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Publication numberUS7828883 B2
Publication typeGrant
Application numberUS 11/657,682
Publication dateNov 9, 2010
Filing dateJan 23, 2007
Priority dateJan 23, 2006
Fee statusPaid
Also published asCA2639953A1, US20070169625, WO2007094939A2, WO2007094939A3
Publication number11657682, 657682, US 7828883 B2, US 7828883B2, US-B2-7828883, US7828883 B2, US7828883B2
InventorsRoger D. Aines, William L. Bourcier
Original AssigneeLawrence Livermore National Security, Llc
Export CitationBiBTeX, EndNote, RefMan
External Links: USPTO, USPTO Assignment, Espacenet
Carbon ion pump for removal of carbon dioxide from combustion gas and other gas mixtures
US 7828883 B2
Abstract
A novel method and system of separating carbon dioxide from flue gas is introduced. Instead of relying on large temperature or pressure changes to remove carbon dioxide from a solvent used to absorb it from flue gas, the ion pump method, as disclosed herein, dramatically increases the concentration of dissolved carbonate ion in solution. This increases the overlying vapor pressure of carbon dioxide gas, permitting carbon dioxide to be removed from the downstream side of the ion pump as a pure gas. The ion pumping may be obtained from reverse osmosis, electrodialysis, thermal desalination methods, or an ion pump system having an oscillating flow in synchronization with an induced electric field.
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Claims(5)
1. A system for removing and sequestering carbon dioxide from flue gas from a flue gas source, the flue gas containing the carbon dioxide, comprising:
a system for channeling the flue gas from the flue gas source;
a water wash having a degree of salinity so as to produce an ionic solution including ions, said water wash operably coupled to said system for channeling the flue gas from the flue gas source;
a feed flow channel operably coupled to said water wash;
a buffer;
a system operably coupled to said feed flow channel for introducing said buffer to said ionic solution;
a concentrate flow channel operably coupled to said water wash and said system for introducing a buffer to said ionic solution;
a plurality of flow channels configured to fluidly communicate an oscillating flow between said feed flow channel and said concentrate flow channel;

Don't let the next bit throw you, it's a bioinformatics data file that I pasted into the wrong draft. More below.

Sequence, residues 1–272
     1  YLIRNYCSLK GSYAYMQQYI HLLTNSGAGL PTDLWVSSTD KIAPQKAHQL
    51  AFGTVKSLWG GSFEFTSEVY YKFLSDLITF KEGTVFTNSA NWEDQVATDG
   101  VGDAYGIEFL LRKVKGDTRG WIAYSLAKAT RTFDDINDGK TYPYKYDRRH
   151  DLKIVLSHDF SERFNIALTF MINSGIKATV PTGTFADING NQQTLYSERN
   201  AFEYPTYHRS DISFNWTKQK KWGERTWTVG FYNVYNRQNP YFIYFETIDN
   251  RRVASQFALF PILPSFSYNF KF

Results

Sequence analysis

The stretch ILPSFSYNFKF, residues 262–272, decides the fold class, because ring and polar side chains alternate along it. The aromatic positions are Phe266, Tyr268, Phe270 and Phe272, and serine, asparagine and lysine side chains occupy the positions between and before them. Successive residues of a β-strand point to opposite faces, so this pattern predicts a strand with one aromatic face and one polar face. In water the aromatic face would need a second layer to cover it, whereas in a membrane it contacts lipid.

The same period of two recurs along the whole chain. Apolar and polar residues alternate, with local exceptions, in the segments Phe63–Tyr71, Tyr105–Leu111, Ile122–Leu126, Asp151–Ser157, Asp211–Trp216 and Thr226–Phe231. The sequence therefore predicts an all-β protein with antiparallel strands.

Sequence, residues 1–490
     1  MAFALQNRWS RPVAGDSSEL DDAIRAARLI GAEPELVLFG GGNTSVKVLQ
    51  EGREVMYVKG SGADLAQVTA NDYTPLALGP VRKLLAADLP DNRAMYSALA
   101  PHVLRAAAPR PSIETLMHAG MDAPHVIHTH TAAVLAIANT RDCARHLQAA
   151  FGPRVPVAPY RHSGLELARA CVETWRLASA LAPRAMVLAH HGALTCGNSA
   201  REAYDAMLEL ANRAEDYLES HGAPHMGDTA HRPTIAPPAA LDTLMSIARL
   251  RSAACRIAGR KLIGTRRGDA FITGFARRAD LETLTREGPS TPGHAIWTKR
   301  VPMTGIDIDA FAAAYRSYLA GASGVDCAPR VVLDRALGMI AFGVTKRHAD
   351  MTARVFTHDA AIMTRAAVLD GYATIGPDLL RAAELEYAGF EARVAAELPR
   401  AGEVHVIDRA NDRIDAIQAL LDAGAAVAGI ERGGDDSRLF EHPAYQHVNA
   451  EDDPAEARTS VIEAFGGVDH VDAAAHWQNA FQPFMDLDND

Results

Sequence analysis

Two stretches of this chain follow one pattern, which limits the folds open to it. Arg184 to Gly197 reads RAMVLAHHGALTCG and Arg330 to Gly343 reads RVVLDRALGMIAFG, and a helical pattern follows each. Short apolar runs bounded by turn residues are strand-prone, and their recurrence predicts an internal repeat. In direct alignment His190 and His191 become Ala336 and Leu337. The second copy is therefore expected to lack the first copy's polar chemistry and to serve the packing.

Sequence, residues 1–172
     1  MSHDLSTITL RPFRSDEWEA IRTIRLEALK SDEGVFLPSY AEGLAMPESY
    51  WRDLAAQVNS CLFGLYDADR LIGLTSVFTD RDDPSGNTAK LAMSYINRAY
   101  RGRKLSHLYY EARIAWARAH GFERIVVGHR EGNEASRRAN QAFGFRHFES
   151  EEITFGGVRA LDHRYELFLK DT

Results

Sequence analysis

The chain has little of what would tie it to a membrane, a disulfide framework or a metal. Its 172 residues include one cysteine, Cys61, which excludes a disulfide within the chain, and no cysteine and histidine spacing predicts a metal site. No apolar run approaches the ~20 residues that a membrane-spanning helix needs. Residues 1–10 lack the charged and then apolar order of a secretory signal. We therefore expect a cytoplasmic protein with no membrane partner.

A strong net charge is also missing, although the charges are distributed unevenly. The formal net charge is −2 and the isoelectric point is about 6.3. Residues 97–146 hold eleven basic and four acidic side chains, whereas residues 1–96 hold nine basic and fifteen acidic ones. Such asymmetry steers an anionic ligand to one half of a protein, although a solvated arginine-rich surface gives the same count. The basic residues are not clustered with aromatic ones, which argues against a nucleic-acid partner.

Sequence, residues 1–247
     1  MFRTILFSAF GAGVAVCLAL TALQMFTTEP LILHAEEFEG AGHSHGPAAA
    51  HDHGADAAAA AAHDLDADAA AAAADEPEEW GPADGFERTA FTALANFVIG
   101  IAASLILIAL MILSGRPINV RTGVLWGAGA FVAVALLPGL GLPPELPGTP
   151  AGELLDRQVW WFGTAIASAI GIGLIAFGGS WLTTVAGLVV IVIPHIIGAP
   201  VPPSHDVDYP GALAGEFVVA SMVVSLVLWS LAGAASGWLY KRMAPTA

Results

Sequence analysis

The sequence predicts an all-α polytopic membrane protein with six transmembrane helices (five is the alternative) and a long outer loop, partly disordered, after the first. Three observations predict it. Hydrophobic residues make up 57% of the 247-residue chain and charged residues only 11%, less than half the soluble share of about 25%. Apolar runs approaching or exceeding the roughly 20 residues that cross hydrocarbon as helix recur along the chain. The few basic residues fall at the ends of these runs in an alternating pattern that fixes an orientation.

one or more pairs of conductive plates adapted about said plurality of flow channels, and
an applied periodic electric field adapted to be applied to said one or more pairs of conductive plates in synchronization with said oscillating flow, wherein said applied periodic electric field facilitates a directed movement of said ions therethrough said flow channels from said feed flow channel to said concentrate flow channel creating an ionic concentrate; and wherein a resultant overlying vapor pressure is produced in said ionic concentrate that enables the carbon dioxide to be extracted from the flue gas and sequestered as a pure gas.
2. The system of claim 1, wherein said applied periodic electric field comprises a periodic electric field with a voltage from about 10 volts down to about 0.1 volts.
3. The system of claim 1, wherein said applied period electric field comprises configuring pairs of charge collection surfaces about said plurality of flow channels.
4. The system of claim 2, wherein said charge collection surfaces comprise pairs of substantially parallel conductive electrodes.
5. The system of claim 3, wherein said conductive electrodes comprise conductive materials selected from: metalized electrodes, thin sheets of carbon aerogel composites, and ion-track-etched polycarbonates with metalized surfaces.
Description
RELATED APPLICATION

This application claims the benefits of U.S. Provisional Application No. 60/761,564, filed Jan. 23, 2006, and entitled, “CARBON ION PUMP FOR REMOVAL OF CARBON DIOXIDE FROM COMBUSTION GAS AND OTHER GAS MIXTURES,” which is incorporated herein by reference in its entirety.

The United States Government has rights in this invention pursuant to Contract No. W-7405-ENG-48 between the United States Department of Energy and the University of California for the operation of Lawrence Livermore National Laboratory.

BACKGROUND OF THE INVENTION

1. Field of the Invention

The present invention relates to a separation method and apparatus/system for cleaning of combustion gas followed by the capture and sequestering of carbon dioxide, and more particularly, the present invention relates to a water based separation method and apparatus/system for capturing and sequestering carbon dioxide from combustion gas and other mixtures.

2. Description of Related Art

A major limitation to reducing greenhouse gases in the atmosphere is the expense of stripping carbon dioxide from other combustion gases. Without a cost-effective means of accomplishing this, the world's hydrocarbon resources, if used, will continue to contribute carbon dioxide to the atmosphere.